With over 104 million people across more than 700 different tribes accounting for 9% of the country's total population, India is home to one of the largest indigenous populations in the world.
Often living in the remotest part of the country, each of these tribes have distinct cultures and traditions that shape their professions, practices and identities that they have carried with them for centuries. Consequently, the tribal population continue to remain disconnected without adequate access to the services provided by the state and or the ability to access the opportunities provided by the market.
Thus, these communities look to the forests as their primary source of livelihood, and for much of the last century they did not have formal recognition of the customary rights they had over these forest lands. This lack of tenure security limits their ability to adopt efficient farming practices and also disincentivised investments in the property that would have made it more productive.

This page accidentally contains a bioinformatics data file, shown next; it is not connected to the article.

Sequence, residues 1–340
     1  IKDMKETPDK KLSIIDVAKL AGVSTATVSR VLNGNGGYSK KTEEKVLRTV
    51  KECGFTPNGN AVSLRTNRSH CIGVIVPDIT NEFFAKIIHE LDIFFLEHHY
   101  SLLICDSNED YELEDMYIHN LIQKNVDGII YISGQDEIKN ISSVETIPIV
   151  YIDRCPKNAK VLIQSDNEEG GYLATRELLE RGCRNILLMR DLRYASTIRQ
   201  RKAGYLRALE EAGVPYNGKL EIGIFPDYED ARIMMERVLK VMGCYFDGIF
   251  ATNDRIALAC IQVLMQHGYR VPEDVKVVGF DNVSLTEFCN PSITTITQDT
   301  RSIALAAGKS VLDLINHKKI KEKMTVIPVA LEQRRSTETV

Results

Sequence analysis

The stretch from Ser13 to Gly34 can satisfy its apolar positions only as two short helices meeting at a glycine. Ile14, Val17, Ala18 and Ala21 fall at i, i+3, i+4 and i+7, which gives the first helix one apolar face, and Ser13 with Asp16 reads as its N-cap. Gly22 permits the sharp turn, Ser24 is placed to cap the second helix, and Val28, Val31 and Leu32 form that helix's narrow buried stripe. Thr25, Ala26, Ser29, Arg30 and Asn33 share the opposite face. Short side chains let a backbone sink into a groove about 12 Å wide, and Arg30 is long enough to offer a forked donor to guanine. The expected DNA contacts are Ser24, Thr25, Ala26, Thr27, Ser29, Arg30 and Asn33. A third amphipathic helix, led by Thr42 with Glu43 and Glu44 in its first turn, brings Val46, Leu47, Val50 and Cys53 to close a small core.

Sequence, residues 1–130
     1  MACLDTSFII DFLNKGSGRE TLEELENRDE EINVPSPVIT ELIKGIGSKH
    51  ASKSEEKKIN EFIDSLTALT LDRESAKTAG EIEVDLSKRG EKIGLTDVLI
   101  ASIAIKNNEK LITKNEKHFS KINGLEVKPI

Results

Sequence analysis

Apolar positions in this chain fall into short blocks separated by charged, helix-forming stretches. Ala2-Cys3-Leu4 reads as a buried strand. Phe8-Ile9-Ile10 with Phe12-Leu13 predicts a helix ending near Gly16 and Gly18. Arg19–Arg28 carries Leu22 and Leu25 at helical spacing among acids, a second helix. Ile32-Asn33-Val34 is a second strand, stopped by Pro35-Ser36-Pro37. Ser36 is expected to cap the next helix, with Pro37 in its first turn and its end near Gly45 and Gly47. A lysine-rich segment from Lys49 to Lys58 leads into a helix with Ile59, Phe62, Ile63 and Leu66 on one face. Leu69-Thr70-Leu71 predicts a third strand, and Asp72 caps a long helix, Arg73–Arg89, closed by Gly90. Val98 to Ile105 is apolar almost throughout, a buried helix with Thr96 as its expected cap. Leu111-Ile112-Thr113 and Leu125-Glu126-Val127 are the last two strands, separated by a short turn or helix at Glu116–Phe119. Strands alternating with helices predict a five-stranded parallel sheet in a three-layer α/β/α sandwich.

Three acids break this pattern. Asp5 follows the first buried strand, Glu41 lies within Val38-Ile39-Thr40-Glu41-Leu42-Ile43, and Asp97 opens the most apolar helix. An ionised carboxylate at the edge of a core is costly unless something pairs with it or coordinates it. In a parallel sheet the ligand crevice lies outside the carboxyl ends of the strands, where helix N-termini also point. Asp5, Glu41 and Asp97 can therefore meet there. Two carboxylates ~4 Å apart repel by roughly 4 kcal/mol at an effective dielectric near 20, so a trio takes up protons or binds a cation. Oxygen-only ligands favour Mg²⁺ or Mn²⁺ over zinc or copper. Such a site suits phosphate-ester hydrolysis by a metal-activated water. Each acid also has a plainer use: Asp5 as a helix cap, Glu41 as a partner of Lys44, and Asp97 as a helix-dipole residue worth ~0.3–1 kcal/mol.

Further, the lack of such rights also has a cascading effect on the day to day lives of people from tribal communities. For instance, without any proof of residence, it is often difficult to open a bank account or even enrol one's child in a school.
Moreover, despite cultivating produce from forests, the lack of a formal farmer status for people from tribal communities prevent them from accessing welfare benefits such as a Kisan Credit Card, minimum support price for their produce and also limits their access to government infrastructure schemes including irrigation programmes.